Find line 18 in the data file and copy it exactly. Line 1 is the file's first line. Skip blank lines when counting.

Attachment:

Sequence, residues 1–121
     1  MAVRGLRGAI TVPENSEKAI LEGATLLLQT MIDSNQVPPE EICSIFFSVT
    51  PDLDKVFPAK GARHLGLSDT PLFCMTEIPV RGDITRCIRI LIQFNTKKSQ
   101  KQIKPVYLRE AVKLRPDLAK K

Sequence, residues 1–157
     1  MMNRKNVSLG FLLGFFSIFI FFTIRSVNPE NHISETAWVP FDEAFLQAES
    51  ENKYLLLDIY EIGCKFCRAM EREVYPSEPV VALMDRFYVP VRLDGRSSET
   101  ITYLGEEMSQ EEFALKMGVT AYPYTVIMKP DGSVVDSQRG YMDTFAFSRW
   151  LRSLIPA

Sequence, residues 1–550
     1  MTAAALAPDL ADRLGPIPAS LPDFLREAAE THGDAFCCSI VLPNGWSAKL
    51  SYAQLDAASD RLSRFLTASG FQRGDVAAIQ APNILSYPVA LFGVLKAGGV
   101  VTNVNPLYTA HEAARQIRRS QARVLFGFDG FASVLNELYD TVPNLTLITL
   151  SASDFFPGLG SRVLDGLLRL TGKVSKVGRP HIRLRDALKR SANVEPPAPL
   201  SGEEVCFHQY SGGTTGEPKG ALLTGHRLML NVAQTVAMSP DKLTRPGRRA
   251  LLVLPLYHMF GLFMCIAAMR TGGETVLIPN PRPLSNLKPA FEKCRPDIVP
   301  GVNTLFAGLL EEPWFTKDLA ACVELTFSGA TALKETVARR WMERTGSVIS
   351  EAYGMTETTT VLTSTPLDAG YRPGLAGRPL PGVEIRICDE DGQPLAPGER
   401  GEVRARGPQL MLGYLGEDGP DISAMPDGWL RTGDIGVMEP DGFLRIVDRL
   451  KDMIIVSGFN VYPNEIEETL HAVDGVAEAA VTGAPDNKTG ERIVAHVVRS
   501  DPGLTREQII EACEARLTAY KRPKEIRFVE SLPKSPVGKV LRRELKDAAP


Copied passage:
   351  EAYGMTETTT VLTSTPLDAG YRPGLAGRPL PGVEIRICDE DGQPLAPGER